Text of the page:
Friday, September 30, 2011

How are the Desert Fathers Relevant Today?

How are the Desert Fathers Relevant Today?

This was the question that seemed to resonate about me as I visited the Desert Fathers for perhaps the third time. They came to me well recommended by a friend who knew I loved Church History but had a thin spreading of in in a few years of Bible College. I visited them for the first time in Church History course and somewhat lost them in the dust as we breezed past them into larger monasteries. I struggled to remember the difference between Athanasius, Ambrose, Augustine and Augustus and Peter naughty Appleyard or someone like that. Anthony made a brief appearance with a rather odd lifestyle but he be sunk to the bottom the list as I learned much more about Cluny and the Crusades working our way up rapidly to Dorothy Day and her work with the poor. Anthony and Dorothy has more in common then I was able to process at the time . Coming into Church History as a Pentecostal /Evangelical and emerging out the other end some twenty years later with an active interest in the how's and whys of a modern Contemplative life style the Desert Fathers kept popping up at every turn welcoming to come and find them. They started to shake off their dust, rise from the dry bones of the desert and join their written voices into a kind of living voice, initially hidden in language and symbols I could not quite understand. They required time. Monastic kind of time. The kind of time that moves slowly and requires patience and perserverence. I did not have that kind of time. I wanted the answers now. In Coles notes form all the better. There did not seem to be any Coles notes on the Desert Fathers. One had to actually go visit. One had to sit and wait. One had to be willing to visit places well off the beaten path of cosmopolitan living. Sell the field to buy the pearl. The Fathers knew well this truth and require their followers to have a taste of it just to find them.

My approach on what is relevant about the Desert Fathers changes radically on the day I stood over the grace site of Father Boniface a 90 year old monk , who had allowed me to take out many books on the Desert Fathers over a number of years as long as I brought them back in one piece. I had been reading the Desert Fathers then and even now as historical church characters, interesting, a bit odd, who had in many ways shaped the roots of monastic life over the centuries. My error was reading them as dead, dry, old men or women as the case might be. I wanted to hear what they had to say but I was blinded or hearing impaired to what they were saying.Yet they kept calling me back. Being raised Baptist / Pentecostal where the Communion of Saints is not a part of ones theology I came late to the idea. Late like Augustine...who says..Late have I loved you...that kind of late. I had forgotten that the Desert Saints were still present to us in the odd way that Saints are with the Communion of Saints and that the tug on my heart strings that I found when reading them was indeed there to impact my life today. As a struggling married working parent with an orientation towards Contemplative Spirituality the Desert had something to say to me. What I had to do was to sit quiet long enough to "Listen".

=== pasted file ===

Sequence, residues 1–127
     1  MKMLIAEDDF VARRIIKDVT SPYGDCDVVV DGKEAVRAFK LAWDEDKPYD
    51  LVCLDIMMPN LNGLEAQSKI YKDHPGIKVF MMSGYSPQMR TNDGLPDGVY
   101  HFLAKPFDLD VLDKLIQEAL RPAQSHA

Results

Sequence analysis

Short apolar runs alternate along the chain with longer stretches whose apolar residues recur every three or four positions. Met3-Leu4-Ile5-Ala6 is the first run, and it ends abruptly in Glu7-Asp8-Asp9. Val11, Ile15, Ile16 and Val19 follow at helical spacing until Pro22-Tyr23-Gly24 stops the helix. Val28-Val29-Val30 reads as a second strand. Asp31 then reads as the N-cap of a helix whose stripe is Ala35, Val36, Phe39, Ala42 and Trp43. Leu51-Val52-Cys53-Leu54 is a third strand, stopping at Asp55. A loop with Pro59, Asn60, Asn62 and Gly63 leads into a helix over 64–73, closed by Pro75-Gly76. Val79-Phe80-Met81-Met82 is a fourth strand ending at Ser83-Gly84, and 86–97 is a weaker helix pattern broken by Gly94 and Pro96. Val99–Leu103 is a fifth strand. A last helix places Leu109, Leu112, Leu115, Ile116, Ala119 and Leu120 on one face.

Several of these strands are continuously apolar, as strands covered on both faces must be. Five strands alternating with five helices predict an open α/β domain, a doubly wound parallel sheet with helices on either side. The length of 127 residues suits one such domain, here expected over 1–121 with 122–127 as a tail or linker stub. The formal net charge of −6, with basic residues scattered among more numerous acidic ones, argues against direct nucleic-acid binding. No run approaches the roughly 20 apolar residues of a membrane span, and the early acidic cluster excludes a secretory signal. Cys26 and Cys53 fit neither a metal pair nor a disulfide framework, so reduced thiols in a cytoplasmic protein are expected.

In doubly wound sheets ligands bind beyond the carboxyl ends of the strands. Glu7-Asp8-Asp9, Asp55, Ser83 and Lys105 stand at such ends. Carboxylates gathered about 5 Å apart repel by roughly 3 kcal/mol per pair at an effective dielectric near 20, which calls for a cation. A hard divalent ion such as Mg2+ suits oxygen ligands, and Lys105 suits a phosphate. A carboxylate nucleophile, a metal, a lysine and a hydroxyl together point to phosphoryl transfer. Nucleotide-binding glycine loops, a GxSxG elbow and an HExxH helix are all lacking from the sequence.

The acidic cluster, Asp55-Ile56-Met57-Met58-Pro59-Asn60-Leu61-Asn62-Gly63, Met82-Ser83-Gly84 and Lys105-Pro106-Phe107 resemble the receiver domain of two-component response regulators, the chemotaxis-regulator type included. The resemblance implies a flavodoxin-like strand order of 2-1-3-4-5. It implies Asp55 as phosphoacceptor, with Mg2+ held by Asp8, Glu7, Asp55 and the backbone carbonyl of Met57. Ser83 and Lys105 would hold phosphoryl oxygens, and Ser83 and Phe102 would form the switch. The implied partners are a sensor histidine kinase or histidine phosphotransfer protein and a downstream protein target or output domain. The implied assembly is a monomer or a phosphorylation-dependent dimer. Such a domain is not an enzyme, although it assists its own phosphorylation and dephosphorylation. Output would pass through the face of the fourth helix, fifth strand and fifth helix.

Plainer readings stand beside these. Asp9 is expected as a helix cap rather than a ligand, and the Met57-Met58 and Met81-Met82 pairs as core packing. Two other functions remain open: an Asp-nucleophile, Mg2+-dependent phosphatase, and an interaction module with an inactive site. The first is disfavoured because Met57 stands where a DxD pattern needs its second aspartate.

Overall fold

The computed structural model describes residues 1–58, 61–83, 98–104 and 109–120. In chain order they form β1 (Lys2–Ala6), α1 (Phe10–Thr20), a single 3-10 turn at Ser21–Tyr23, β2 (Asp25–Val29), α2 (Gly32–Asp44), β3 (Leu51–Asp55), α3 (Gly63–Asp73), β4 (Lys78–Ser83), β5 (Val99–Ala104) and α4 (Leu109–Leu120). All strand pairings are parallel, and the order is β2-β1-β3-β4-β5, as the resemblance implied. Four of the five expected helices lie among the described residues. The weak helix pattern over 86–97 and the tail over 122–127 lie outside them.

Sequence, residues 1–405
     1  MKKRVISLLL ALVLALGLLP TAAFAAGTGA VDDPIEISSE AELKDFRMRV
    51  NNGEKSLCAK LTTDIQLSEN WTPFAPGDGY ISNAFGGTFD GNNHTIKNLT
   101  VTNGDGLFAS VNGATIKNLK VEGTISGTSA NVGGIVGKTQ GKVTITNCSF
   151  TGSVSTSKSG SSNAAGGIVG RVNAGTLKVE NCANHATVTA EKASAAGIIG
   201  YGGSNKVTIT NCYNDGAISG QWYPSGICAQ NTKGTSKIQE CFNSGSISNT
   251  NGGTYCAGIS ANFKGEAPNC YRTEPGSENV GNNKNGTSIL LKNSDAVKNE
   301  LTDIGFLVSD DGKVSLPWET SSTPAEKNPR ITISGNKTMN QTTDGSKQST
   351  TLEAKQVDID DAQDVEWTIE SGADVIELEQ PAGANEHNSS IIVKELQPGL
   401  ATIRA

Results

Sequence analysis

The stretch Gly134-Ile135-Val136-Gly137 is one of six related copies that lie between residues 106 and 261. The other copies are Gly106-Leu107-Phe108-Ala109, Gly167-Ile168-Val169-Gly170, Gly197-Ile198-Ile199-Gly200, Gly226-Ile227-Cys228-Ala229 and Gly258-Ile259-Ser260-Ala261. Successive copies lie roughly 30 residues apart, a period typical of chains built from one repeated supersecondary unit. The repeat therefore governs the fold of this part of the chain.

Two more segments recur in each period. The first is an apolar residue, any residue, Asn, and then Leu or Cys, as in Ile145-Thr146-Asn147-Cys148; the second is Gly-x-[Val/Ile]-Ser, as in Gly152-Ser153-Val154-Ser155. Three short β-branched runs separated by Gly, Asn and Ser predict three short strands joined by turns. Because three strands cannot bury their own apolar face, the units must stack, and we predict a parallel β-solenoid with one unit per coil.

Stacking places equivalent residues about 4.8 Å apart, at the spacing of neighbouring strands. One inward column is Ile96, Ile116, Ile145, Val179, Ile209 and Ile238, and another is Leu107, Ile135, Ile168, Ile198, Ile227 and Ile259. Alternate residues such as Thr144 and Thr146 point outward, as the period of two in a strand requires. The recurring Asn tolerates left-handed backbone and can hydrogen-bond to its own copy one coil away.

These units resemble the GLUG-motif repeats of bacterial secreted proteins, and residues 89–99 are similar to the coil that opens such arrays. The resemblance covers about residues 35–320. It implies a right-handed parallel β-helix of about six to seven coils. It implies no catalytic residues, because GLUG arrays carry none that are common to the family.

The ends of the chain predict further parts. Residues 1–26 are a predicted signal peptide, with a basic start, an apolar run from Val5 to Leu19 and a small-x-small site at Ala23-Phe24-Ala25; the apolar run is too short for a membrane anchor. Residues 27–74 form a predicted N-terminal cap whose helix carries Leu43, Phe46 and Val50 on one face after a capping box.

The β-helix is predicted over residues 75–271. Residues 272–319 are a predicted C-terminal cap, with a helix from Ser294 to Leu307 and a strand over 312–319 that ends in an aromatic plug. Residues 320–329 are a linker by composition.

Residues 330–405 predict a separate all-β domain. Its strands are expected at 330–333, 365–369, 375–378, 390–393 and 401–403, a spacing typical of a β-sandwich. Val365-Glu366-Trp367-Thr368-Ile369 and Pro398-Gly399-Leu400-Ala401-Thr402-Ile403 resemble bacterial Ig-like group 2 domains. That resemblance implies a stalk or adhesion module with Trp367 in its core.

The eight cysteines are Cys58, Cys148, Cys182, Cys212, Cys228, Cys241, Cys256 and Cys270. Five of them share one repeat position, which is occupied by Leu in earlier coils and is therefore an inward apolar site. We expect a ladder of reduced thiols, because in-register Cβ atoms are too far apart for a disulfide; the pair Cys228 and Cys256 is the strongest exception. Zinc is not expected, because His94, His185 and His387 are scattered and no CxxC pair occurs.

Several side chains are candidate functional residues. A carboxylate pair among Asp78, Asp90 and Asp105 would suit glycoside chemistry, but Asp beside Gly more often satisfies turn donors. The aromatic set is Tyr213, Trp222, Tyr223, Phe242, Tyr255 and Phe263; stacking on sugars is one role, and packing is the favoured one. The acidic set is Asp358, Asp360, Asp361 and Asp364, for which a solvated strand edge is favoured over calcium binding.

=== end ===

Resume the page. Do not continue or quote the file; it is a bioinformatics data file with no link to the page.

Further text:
The first word of command in St. Benedict's instruction in his rule. So in a obedience to the repeated directions of the Desert Fathers " that all I would need in my spiritual life could be found in my cell", I sat down one more time with the Desert Fathers. This time I did not go our of curiosity to see their weird habits, or to wonder at their extreme fasts or to try to get the whole thing about eremetical living which in itself is a lifetime study. I went to see what they had to say that could help me understand Desert Spirituality or challenges of the Desert in my own life, here and now.

I became sharply aware that I had forgotten the Communion of Saints reality standing around the gravesite of Father Boniface. As each clot of dirt hit his casket. I could here a little phrase from the long list of desert fathers sayings I had been reading. They came as little rocks of living word being cast into my heart. Trying to grasp how I could express the Desert Fathers in language that did not smack of dust and parchment, somehow drag the Desert Fathers into the 21st century venacular I Listened . Gradually, I realized that it was them drawing me and that they were here already present and my job was do what they lived for. That was to change my heart. Have a conversion of life. To understand that is what they were about. They were a conversion sign. A turning from the old life to find Christ in the Desert. Denying their bodies to make their spirits stronger warriors in a daily battle with evil. Learning to become humble, non judgmental men and women who assisted the poor from their poverty, who kept their silence to keep God close and who showed hospitality to desert wanders from the little they had. If I came as a servant, one willing to change my heart and not simply as a desert tourist , I might this time on this visit find help for my life journey.